Tuesday, August 20, 2013

Chicken Dinner ... more than a meal ...



Marlene Terry
I guess not everyone is curious about why a street, avenue or boulevard was given a certain name. But there are those names that no matter how you try, you just can't assign an easy explanation to. ... And so ...  you wonder.

Take the Treasure Valley in Idaho, with streets in Boise, Emmett, Caldwell, Meridian and Nampa, for instance. Ever hear of Frozen Dog Road, Black Cat Road, Old Penitentiary Road, Freeze Out Road or Chinden?
There's a wonderful, surprising story behind every one. And I promise we'll get to them as time goes by. Right now though I want to focus on the street that grabbed my attention shortly after we arrived in the valley. 
Never had heard a name quite like the one given to a road out in the sticks, so to speak, of the Caldwell/Nampa area. And I don't know how  many times I've driven down "Chicken Dinner Road," and made up my own version of what must have happened for the road to be named that.
I was close on a few of my guesses, But nothing equals the fun facts of the REAL story.

As in so many great tales the origin of the name began long ago. Back in the 1930s when C. Ben Ross was serving as governor of Idaho.

Back then, the governor's close friends, Morris and Laura Lamb, lived along the then unnamed road.
Mrs. Lamb was a renowned cook, and the governor, who enjoyed dinners there, was especially fond of her fabulous fried chicken ... not to mention her wonderful homemade rolls and apple pie.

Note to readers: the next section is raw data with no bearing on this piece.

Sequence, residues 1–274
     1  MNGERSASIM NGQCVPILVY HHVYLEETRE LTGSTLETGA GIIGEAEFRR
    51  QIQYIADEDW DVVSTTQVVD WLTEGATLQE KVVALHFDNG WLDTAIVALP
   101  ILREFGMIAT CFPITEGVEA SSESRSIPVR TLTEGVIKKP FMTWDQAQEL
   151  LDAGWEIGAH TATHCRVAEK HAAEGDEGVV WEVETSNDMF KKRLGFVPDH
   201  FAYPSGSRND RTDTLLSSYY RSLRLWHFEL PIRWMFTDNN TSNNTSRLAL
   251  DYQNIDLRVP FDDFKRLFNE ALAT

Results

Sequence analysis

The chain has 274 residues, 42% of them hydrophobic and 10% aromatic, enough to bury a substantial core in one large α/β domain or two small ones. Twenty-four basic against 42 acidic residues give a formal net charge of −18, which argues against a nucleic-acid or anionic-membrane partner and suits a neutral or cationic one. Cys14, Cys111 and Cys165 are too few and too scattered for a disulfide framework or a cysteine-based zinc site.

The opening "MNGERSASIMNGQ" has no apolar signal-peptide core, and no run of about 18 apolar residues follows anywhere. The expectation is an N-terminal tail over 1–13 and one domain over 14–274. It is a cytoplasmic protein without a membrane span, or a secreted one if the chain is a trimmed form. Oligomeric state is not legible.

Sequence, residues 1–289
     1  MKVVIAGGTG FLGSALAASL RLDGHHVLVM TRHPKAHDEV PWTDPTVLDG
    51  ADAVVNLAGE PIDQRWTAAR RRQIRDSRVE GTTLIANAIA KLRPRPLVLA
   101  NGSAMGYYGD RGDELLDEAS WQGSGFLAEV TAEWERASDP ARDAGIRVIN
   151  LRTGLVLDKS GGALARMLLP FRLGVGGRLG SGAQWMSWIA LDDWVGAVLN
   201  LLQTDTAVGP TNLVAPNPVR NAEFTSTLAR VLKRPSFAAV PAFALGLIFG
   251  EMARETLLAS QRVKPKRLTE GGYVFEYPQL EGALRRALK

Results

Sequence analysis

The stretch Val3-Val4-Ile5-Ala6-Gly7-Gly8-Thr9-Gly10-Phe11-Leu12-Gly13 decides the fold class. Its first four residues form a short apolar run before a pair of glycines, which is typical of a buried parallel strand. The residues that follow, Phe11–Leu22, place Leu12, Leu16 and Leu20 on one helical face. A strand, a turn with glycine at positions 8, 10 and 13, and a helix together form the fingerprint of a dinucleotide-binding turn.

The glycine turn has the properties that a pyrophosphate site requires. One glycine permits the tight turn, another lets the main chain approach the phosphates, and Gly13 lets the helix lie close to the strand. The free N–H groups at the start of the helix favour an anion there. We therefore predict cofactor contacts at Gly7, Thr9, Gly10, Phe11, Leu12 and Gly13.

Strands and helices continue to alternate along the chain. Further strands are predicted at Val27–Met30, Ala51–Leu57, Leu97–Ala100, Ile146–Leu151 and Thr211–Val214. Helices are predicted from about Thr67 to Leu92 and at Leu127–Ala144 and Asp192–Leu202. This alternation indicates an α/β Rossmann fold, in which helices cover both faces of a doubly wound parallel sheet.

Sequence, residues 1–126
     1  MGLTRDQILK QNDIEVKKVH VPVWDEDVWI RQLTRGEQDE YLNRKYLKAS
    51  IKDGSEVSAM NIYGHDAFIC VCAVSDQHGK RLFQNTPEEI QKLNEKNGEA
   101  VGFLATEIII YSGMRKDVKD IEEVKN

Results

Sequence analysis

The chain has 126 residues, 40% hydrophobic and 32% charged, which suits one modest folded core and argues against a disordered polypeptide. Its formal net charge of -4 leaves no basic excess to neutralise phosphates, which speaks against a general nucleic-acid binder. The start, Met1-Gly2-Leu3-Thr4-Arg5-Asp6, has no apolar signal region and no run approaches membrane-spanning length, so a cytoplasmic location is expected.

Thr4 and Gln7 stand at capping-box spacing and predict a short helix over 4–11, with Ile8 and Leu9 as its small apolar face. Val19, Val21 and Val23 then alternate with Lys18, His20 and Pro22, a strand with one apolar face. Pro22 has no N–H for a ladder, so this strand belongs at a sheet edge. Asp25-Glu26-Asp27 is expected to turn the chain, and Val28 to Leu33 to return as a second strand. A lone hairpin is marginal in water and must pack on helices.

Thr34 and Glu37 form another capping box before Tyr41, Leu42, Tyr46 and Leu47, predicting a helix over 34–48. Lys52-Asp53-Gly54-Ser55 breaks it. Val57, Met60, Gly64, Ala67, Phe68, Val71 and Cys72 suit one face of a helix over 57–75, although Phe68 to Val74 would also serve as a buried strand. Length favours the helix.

It had to be during the winter months, I think. You know, when dirt roads were wet and muddy and getting from the governor's home to the Lamb's home, was an unpleasant process. 
I'll bet it was then the conversation between Mrs. Lamb and Ross heated up.

First Mrs. Lamb complained about the pitiful state of roadway outside her house.
The governor, because of his frequent trips there, was no stranger to the conditions she spoke of. And probably because he also wished for an easier route himself, he struck a deal with her.
If she could talk to the appropriate officials and convince them to grade and gravel the road, he told her, he would make sure it was oiled.

The rest is history.

Mrs. Lamb got her part of the deal done. And the governor reciprocated with the oil.

Now close your eyes and imagine, miles of dirt roads out in the valley, barren and unkempt for years. In the midst of it all was one stretch oiled, the part that just happened to run in front of the Lamb's home. 
Why is it IT graded, graveled and oiled? I'm sure folks wondered. And with everyone adding a little more to what they knew, the story became a topic for conversation ... and laughter.

Is it any wonder then, that one day (the day after Halloween to be exact) the Lamb's woke up to see the words "Lamb's Chicken Dinner Avenue," painted in big bright letters on the freshly oiled surface of the road?

Other accounts also agree that children passing by the Lamb's home in the school bus every day, joined in the fun by chanting the words, "chicken dinner, chicken dinner, chicken dinner," through open windows.

... And with all that attention to one of the only oiled roadways around ... is there anyone out there who is really surprised that the name "Chicken Dinner" stuck?

... Me either!


♦ Hope you'll let me share your stories and photos here at my new residence "In a Nutshell." Email me at nutshellstories@gmail.com.